I am ever expanding and transforming. It is the simplest desire for my life. In that expansion and transformation, I hope to offer the world healing. I am pursuing my dream of becoming a certified professional midwife. It is the way I see myself doing direct action in the lives of women and my community. I hope to move onto opening a holistic women’s health and birthing clinic in the Caribbean while traveling to New York City to collaborate with healers and birthworkers. I believe that the world has become frighteningly medicalized and in the same breath, disconnected from compassionate care. Western medicine has given way to us forgetting that we are psychosomatic beings whose thoughts and emotions show up as disease in our bodies. In becoming a traditional midwife, I will encourage women of color to shift their view of birth from a pathological situation to be treated to a normal event to be honored and supported through.

I plan to go on to becoming certified as a life coach and spiritual adviser so that I can have the tools to assess and support a woman in her journey to wholeness. In opening a clinic dedicated to not only holistic health but also the integration of necessary modern technologies, the innate wisdom that women have can be at the forefront of healing. The clinic would also be a meeting place for women to form sister circles and receive support in other areas of her life. Eventually, I want to become a leader in setting up holistic health clinics in the most impoverished places in the world. I want to learn how to put pressure on local, federal and global governments to fund these clinics, with the stipulation that the women in the community have an instrumental voice in its establishment. Furthermore, I want to move into training women in communities to be self-sustained and tap into their inner healer so that there are more midwives and other holistic healers that are native to the locations.

My heart is shared by the African Diaspora in the Caribbean, Central and South America and Afro-descendant people in New York City. My family is from the Dominican Republic and ended up in the Bronx where I was born. It is my hope to contribute to both worlds. I am interested in not only the health care part but also would like to educate young women in elementary school, high school and college on their reproductive health. Additionally, I would like to use my workshop facilitation abilities to develop empowerment programs that weave female health with dismantling internalized oppression for women of color. My vision for Afro-descendant women is that we collectively shed the shackles of self-hatred and change our communities profoundly. From my own experience, providing health care is not enough if the woman does not feel supported or empowered in her body. The psychological traumas suffered act as barriers to demanding what a woman needs for her life; my work then is to heal the physical, mental, emotional and spiritual parts of a woman so she may be whole.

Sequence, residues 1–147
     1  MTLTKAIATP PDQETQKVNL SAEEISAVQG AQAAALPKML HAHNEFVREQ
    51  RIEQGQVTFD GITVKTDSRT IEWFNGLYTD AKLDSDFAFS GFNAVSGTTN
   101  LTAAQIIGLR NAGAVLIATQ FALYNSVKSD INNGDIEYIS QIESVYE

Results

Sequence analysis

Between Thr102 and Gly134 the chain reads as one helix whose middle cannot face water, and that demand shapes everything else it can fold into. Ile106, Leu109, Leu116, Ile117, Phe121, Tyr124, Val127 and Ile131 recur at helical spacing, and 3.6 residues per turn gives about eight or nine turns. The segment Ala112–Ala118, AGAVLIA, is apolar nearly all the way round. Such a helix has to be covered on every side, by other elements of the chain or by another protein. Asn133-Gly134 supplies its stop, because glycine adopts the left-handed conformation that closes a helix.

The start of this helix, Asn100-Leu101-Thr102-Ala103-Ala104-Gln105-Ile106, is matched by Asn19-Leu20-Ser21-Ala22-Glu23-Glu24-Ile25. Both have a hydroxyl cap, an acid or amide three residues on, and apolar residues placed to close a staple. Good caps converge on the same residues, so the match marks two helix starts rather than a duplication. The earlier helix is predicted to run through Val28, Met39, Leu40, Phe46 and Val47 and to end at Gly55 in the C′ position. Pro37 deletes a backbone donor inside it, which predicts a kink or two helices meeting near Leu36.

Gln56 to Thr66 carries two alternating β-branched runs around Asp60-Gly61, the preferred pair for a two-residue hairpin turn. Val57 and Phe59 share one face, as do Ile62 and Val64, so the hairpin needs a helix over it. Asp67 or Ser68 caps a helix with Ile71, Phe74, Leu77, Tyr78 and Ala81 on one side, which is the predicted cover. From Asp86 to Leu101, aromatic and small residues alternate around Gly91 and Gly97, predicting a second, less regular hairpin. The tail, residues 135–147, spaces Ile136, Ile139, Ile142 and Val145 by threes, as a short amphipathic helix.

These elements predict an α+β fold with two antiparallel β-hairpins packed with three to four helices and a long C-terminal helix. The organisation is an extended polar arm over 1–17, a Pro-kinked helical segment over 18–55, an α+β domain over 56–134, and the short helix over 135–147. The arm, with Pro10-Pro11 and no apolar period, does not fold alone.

I want to be a Voice of Our Future Correspondent so that I can be challenged to refine the way I communicate my vision. Having a mentor and a community supporting me would give me feedback and ideas as to how to use my voice to empower Afro-descendant women. I tend to be very academic in the way I write, and my hope is that being a part of this training will help my writing be more accessible. At the moment, most of my work is done online. I want to gain more tools to take my empowerment work to another level. Additionally, I want to expand my network so I can make relationships with other women who are also helping transform reproductive and childbirth for underrepresented women.

Take action! This post was submitted in response to Voices of Our Future Application: Your Vision.


In Sri Lanka, midwives are held in high regard for all their hard work over the past generations. They are one reason why we have made great strides in improving the health of our women and children.We love our midwives and I am glad to know you will become one and help your community.

TC, Sulo

Thank you Sulo! It is my hope that I can help others understand the importance of midwifery. Thank you again for your support!

Ynanna Djehuty


I find your vision to be very compelling and exciting! It is scary how medicalized the view of women's bodies have become, which allows them to also become political battlefields. For women to have access to power over their own bodies once again is critical to understanding their autonomy. I applaud this work you are doing, not only the "boots on the ground" aspect, but also the thought behind it. You have a clear and well-articulated vision. I think you have a lot to offer the World Pulse community, and frankly, I find your language to be very accessible, so if that is one of your goals, I think you are halfway there! Best of luck to you, and I hope to hear much more about your work.

Leslie Stoupas

It is truly scary. And we have so much wisdom inside of us. Reclaiming our bodies will lead to a profound shift and transformation of our future generations, and it's already happening! Thank you so much! I'll be writing about my midwifery journey very soon. Thank you for your support!!

Ynanna Djehuty


You have such a clear and passionate vision which you communicate very clearly in your writing. Your statement, "my work then is to heal the physical, mental, emotional and spiritual parts of a woman so she may be whole " is powerful. I appreciated what you said abput hoping to refine the way you communicate your vision. This article shows that you are well on your way to effective communication! Keep it up!

Thank you for your words! I am overjoyed that you hear me so clearly. May this website continue to make me more articulate and do my work for the women of the world. Be well!

Ynanna Djehuty